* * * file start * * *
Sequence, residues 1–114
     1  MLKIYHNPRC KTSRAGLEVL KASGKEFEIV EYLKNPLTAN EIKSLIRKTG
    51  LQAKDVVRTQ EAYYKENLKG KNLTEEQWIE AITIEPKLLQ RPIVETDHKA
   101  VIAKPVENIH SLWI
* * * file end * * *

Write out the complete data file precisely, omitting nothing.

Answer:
Sequence, residues 1–114
     1  MLKIYHNPRC KTSRAGLEVL KASGKEFEIV EYLKNPLTAN EIKSLIRKTG
    51  LQAKDVVRTQ EAYYKENLKG KNLTEEQWIE AITIEPKLLQ RPIVETDHKA
   101  VIAKPVENIH SLWI